Day 302: Candy is Dandy

Halloween is a deadly trap! I mean that in the nicest way. But Halloween chocolate in the house is a TERRIBLE idea, especially when both you and your spouse have a sweet tooth. I — once again — logged everything, but that’s starting to feel a bit thin as excuses go.

Monday’s a new day and a new week, though, and it’s a lot easier to resist temptation when you’ve got a lot on the go. So I’m busy but that’s good, because busy keeps me from snackin’.

Tomorrow’s Halloween! We’ll be giving away the candy. But I’ll have to get creative with the leftovers. I can’t be trusted with tiny bite-sized candy in the house. It doesn’t work for me.

It’s a bad idea to have snackin’ candy in the house. The usual dialogue is that I can manage to have a couple and then exercise self-control. But is it worth it? Is liking chocolate worth the time bomb?

Nope. So after halloween, candy’s gotta go.

Day 233: Fasting

So I’ve been only been doing… okay… with food control, and I’ve recently been considering trying something different to switch things up.

Fasting diets were super trendy back around 2012 or so; I’ve poked around the idea, a year or so ago. I kind of like the aesthetics of it. Restrictions are interesting to me. I even tried it a year or so ago, with middling results.

I even followed up with a number of posters on MetaFilter who had chimed in as adherents to a fasting diet, five years after they’d posted. None had stuck to it long-term. Nobody had anything especially negative to say about it.

This seems to bear out the research, which shows that it’s hard to stick to. 

But I am, motiviationally, in a bit of a slump foodwise. It’s easy to sway me into breaking good habits. I’m a bit bored with it all. Fasting is a shake-up.

So I think I might set up a controlled failure experiment with the 5:2 thing. Fast on Mondays and Thursdays (Tuesday-Thursday this week), for… let’s call it a month. Long enough to have an impact, but not a lifelong commitment, and hopefully something that will kind of shock me out of complacency.

I think the idea might be to say “hey, this isn’t fun! Just controlling what I eat but eating normally is much better.” And re-excite myself about regular eating again.

That’s the idea, anyway.

My wife is getting into a 10-day booze-free healthy regime to round out the month, so it seems like The Spirit of New Things is alive in the house right now. I know it’s not a silver bullet (what is?), but it feels like a way to shake myself out of a complacency and get thinking about food differently for a while.

Day 106: Sobriety Mechanisms for Eating

All right, so I haven’t made much time to look into stress eating tactics. Instead, I’ve gone a bit back in time to see if I need to revisit anything I was thinking about earlier in this process. And to see if I can adapt any sobriety mechanisms for the eating thing.

“Morning me and evening me” seems like something I picked up, then put down. The idea at the time was to have a post-work, pre-home check-in… basically, a second daily check-in. That was going to recalibrate my “evening me” to remind that guy of what morning me started out wanting.

This is something I’ve completely failed to do.

Sobriety mechanisms for other problems

The sobriety mechanism for me has been largely a very simple “well, that’s enough of that.” Being in the fortunate category of people that can go cold turkey with no physical effects. So I don’t know why I can’t “snap quit” snacking. I guess it’s partly because food is much more available to me than booze. If I worked in an airline booze bottle factory or an ad agency circa 1963, I might be in trouble. The sobriety mechanisms have been pretty easy because my regular life is not that “boozy”.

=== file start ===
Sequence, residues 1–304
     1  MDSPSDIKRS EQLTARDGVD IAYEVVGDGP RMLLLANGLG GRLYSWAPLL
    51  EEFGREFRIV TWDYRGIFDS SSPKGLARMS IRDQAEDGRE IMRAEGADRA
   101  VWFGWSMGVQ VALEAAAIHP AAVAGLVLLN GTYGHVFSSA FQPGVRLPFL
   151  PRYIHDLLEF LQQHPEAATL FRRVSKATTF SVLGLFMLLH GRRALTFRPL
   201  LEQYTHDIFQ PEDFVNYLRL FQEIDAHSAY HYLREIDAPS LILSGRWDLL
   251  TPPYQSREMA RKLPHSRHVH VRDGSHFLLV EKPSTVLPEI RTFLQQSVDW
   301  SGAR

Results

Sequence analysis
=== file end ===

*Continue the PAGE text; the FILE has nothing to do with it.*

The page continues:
But I’m pretty much in a food environment a lot of the time. Not enough to get sick of it, like chocolate factory employees who can’t touch the stuff. But lots of events, social occasions, and both my wife and I love to cook.

So laddering “just don’t” sobriety mechanisms into food seems like it’s easy at first flush. But it’s surprisingly hard.

Before I get off onto another tangent, I think I need to take another look at the “morning me/evening me” situation. If I can get my evening self aligned with my day self, it’s just a matter of making it through two half days instead of one full day. Not much different than running 5k to run 10k, if that makes sense.

Day 100: 100 days!

So this is what 100 days feels like. A good time to take stock of what’s gone on so far, and take a beat to think about what’s working well, and what’s not working well.

100 days of sobriety:

Working well This was what I thought would be hardest, and 100 days in, turns out to be easiest. Maybe because it was the thing I was mentally girding myself for.

Key lessons:

  • Don’t drink. That’s a probable truism. But that simple decision, made daily in an affirmation, was pretty damn useful.
  • Don’t freak yourself out. Overthinking it, burning your brain out on never again? isn’t helpful. “One day at a time” really is a powerful tool.
  • Tell people. Don’t get preachy about it, don’t declare things. If you need to be socially diplomatic, “I’m trying a thing where I don’t drink for a while” is a good out that doesn’t unnerve people and makes them feel okay about their choices.


Keep on keepin’ on.

100 days of exercise:

I’m doing something every day, sometimes just stretching, sometimes not working as hard as I could. I think there’s a factor here, a fourth pillar, that I need to get into starting on day 101.

Key lessons:

  • The metaphor of running 10k by running 5k in one direction is a good one. Set myself up for exercise in ways that are hard to get out of. Make appointments with friends to run.